"History of Huntington County, Indiana"1914 By Frank S. Bash pg.658-59
William Buzzard. The dignity of labor raises the farmer to a level of importance corresponding to that occupied by any class of producers. To labor long and faithfully, giving the best of one's ability and talents along any line of endeavor, is to fulfill the destiny of mankind and to make possible a happy, contented old age. William Buzzard, one of the substantial farmers and highly esteemed citizens of Salamonie township, is a man whose life has been one of constant industry and honorable labor, but who although always busy, has never failed to find time to make friends or to contribute to the welfare and advancement of his community.
Mr. Buzzard was born in Jefferson township, Huntington county, Indiana, November 26, 1859, and is a son of Jesse and Jane (Couch) Buzzard. The parents were early settlers of Wayne township, in this county, but after their marriage removed to Jefferson township, and there spent the remainder of their lives on a farm, the father dying July 7, 1896, and the mother November 27, 1913. They were the parents of seven children, of whom four survive: Henry, whose home is in Ohio; William, of this review; Lucinda; and Luella, who is the wife of Leander Tumbleson. William Buzzard was reared on a farm in Jefferson township, and there secured a good educational advantages. It was customary for farmers' sons of his day to spend the greater part of their time in the fields, and their literary training therefore was confined to such opportunities as offered themselves during the short winter terms in an adjacent district school. Mr. Buzzard was a studious lad, with a retentive mind, and he was able to acquire a much better education than many who had greater advantages. He was reared to agricultural work, and when it came time for him to make a choice of vocations he decided upon becoming a farmer, a decision which he has never had reason to regret. He continued to work on the home farm until 1886, having charge thereof from the time he reached his majority, but finally determined to establish a home of his own and accordingly left the parental roof. Mr. Buzzard secured his present farm by purchase in August, 1899, a tract of seventy-five acres located two miles northeast of Warren, on the M. B. & E. Traction line, an excellent location. Mr. Buzzard has one of the valuable farms of its size in Salamonie township, and takes a pride in making it pay in full measure for all labor expended upon it. He has brought the land to a high state of development through scientific treatment of the soil, has a set of handsome, substantial buildings, and his machinery and equipment are of the latest manufacture. In business circles he is known as a man of the strictest integrity, alert to grasp each opportunity, yet thoroughly respecting the rights of others. In political matters he is a democrat, but he has never been a politician.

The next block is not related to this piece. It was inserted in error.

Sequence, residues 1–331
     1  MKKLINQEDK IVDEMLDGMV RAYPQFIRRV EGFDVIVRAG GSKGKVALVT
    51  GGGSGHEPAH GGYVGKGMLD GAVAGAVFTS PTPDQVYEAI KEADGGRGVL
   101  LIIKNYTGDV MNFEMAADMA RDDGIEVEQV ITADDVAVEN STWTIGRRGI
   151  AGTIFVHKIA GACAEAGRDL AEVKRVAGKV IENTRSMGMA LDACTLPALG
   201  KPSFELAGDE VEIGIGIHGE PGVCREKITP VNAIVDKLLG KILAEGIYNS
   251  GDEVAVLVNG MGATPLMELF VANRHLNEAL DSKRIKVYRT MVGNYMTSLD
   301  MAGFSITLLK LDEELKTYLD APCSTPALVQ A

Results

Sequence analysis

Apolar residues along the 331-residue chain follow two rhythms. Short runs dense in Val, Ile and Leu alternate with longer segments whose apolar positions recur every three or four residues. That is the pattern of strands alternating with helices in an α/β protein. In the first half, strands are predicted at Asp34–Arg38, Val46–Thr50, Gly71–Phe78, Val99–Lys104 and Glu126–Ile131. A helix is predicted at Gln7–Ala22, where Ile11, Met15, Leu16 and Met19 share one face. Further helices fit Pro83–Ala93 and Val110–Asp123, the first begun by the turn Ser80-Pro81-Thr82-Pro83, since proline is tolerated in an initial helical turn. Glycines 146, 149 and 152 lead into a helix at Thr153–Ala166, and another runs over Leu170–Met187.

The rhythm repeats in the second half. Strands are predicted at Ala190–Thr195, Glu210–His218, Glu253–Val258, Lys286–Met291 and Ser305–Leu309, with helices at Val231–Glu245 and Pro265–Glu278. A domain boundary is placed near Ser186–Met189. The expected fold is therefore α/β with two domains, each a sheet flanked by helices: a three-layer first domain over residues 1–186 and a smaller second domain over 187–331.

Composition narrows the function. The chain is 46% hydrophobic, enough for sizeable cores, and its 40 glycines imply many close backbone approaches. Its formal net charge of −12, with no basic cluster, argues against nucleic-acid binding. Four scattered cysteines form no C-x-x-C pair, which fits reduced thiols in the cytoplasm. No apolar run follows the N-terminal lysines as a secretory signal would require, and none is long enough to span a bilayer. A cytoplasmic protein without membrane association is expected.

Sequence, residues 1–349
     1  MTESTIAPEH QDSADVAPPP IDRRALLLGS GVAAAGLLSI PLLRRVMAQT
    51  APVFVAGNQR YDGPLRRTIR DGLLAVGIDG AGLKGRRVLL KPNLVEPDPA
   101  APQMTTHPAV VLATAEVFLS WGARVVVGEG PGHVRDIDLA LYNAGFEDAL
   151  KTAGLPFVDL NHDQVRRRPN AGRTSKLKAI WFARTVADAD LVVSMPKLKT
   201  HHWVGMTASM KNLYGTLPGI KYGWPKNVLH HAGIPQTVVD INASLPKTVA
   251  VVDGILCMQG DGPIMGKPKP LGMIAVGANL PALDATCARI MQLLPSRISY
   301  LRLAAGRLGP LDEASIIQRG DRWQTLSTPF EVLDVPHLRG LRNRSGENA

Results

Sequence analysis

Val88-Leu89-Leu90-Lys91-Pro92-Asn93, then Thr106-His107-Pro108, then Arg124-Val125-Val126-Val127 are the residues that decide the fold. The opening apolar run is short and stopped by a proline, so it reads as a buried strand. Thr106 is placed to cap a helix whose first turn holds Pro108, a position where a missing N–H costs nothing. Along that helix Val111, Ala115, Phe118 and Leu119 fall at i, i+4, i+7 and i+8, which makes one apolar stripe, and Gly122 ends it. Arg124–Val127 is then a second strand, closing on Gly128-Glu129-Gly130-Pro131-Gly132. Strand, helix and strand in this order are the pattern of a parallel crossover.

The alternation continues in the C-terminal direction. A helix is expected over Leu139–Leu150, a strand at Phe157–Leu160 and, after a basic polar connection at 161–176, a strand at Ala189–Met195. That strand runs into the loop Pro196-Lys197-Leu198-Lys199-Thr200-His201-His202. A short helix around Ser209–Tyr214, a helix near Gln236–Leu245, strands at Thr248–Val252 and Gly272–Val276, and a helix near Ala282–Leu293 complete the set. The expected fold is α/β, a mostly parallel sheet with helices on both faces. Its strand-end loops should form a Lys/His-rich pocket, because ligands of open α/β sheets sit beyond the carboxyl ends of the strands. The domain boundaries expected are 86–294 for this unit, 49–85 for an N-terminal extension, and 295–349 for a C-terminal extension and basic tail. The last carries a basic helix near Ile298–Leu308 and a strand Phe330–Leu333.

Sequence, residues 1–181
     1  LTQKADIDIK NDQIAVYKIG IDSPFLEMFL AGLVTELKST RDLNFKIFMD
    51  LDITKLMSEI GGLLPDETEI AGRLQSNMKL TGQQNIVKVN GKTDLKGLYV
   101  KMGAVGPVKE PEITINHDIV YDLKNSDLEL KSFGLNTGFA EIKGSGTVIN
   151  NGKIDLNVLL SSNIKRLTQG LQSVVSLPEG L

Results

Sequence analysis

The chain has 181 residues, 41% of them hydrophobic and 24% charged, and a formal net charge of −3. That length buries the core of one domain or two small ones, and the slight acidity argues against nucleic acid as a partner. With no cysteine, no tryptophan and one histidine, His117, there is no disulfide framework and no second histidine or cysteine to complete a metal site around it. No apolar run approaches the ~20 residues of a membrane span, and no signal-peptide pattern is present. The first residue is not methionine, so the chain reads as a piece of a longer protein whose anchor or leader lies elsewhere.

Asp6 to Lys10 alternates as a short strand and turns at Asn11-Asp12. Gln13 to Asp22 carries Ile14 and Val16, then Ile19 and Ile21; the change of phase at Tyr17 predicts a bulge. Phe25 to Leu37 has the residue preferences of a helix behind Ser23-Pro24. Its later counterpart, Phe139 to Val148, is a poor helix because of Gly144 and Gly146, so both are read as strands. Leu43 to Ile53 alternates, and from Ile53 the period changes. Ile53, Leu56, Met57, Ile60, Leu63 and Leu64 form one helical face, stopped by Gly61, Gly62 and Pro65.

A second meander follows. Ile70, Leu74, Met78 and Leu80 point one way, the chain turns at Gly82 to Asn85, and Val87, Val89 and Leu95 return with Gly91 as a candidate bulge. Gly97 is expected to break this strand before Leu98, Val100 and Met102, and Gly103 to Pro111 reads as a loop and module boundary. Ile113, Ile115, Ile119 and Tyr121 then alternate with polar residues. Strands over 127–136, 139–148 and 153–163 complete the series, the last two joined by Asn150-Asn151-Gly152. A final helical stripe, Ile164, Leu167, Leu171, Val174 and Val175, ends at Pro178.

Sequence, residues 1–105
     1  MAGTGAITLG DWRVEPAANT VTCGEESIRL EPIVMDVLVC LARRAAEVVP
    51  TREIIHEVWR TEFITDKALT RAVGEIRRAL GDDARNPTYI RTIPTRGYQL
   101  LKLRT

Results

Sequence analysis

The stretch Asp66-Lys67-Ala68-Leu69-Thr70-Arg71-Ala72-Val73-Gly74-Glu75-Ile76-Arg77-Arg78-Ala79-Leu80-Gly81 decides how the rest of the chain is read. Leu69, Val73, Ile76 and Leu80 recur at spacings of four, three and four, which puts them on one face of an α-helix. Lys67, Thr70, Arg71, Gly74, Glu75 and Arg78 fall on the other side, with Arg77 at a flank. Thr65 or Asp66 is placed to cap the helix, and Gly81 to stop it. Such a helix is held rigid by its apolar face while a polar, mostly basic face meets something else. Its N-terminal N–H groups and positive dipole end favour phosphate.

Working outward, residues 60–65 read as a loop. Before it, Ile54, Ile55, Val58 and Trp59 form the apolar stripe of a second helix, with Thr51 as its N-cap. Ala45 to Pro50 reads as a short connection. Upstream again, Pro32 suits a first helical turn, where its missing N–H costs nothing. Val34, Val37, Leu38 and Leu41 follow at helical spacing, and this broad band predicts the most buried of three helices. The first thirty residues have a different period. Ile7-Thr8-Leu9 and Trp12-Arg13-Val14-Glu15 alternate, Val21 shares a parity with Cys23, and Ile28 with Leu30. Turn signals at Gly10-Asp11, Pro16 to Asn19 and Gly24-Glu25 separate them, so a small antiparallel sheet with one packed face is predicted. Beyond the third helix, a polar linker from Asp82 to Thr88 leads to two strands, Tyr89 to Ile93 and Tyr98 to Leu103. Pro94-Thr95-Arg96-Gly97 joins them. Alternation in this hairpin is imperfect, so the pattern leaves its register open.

On February 7, 1885, Mr. Buzzard was married to Miss Minerva Myers, was born and reared in Jefferson township, a daughter of Irwin C. and Elizabeth ( Mast) Myers, of Fairfield county, Ohio. They came to Huntington county, and were early settlers here. Mr. and Mrs. Buzzard have numerous friends throughout this locality.